The first comprehensive study of its kind finds weight cycling, repeated cycles of intentional weight loss followed by regain, was not associated with overall risk of cancer in men or women. The study by American Cancer Society investigators is the largest to date to investigate weight cycling with cancer risk. It appears early online in the American Journal of Epidemiology.
The authors of the report found weight cycling was not associated with overall risk of cancer in men or women after adjusting for body mass index and other factors. Weight cycling was also not associated with any individual cancer investigated. The authors of the study say people trying to lose weight should be encouraged to do so even though they may regain it.
With almost half of American adults reporting they are trying to lose weight, and with most weight loss not maintained, weight cycling is very common. Previous studies in animals and humans had suggested that weight cycling may affect biological processes that could lead to cancer, such as increased T-cell accumulation, enhanced inflammatory responses in adipose tissue, and lowered natural killer cell cytotoxicity. However, many of these findings have not been replicated, and at least two previous studies showed no associations between weight cycling and cancer.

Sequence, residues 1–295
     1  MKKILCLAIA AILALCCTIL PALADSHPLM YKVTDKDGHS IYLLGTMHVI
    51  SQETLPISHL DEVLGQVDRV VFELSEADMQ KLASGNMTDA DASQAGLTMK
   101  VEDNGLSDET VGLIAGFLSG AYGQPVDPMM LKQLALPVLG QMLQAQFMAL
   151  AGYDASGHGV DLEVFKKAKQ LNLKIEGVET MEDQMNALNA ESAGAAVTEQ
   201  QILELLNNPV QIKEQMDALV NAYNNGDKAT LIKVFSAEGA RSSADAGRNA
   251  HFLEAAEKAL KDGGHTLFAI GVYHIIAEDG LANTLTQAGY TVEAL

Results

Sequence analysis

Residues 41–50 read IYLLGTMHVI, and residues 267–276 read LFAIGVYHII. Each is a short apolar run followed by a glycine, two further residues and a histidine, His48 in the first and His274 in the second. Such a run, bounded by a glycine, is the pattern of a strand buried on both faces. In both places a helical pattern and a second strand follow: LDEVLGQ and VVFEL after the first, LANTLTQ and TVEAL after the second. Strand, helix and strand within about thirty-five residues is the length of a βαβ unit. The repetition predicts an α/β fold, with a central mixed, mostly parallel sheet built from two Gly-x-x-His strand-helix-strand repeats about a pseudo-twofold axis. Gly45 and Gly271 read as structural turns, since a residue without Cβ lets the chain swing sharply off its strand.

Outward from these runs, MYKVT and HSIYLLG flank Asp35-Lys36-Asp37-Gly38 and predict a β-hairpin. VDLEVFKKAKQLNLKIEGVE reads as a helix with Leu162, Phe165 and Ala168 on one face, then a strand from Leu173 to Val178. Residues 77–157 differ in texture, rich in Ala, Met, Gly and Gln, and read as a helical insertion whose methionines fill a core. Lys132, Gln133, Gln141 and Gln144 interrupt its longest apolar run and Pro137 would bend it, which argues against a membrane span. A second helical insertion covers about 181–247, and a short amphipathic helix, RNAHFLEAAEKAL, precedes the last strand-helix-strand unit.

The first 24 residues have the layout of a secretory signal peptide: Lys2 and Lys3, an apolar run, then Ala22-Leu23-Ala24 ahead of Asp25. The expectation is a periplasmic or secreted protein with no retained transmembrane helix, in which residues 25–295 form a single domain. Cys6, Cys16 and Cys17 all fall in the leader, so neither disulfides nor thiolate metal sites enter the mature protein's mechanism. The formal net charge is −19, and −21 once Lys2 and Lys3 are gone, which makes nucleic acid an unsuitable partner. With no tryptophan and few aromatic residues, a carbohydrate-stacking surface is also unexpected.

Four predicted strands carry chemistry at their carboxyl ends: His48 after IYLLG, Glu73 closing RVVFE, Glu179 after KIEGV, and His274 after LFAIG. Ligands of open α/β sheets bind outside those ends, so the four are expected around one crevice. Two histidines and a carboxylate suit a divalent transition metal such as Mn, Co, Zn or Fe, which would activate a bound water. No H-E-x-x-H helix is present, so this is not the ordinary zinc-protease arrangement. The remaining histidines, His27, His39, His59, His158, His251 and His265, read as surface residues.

For the latest study, researchers led by Victoria Stevens, PhD, American Cancer Society Strategic Director, Laboratory Services, examined weight cycling and cancer among more than 132,000 men and women enrolled in the Cancer Prevention Study II Nutrition Cohort. Begun in 1992/1993, the Nutrition Cohort gathered detailed dietary information from men and women ages 50 to 74 participating in the Society's larger Cancer Prevention Study II, to explore nutrition's effect on and cancer incidence and mortality.
Investigators looked at weight cycling and incidence for all cancer and 15 individual cancers. More than 25,000 participants developed cancer during 17 years of study.
"For the millions of Americans struggling to lose weight, the last thing they need to worry about is that if it comes back, they might raise their risk of cancer," said Dr. Stevens. "This study, to our knowledge the largest and most comprehensive to date on the issue, should be reassuring. Our findings suggest that overweight and obese individuals shouldn't let fears about their ability to maintain weight loss keep them from trying to lose weight in the first place."
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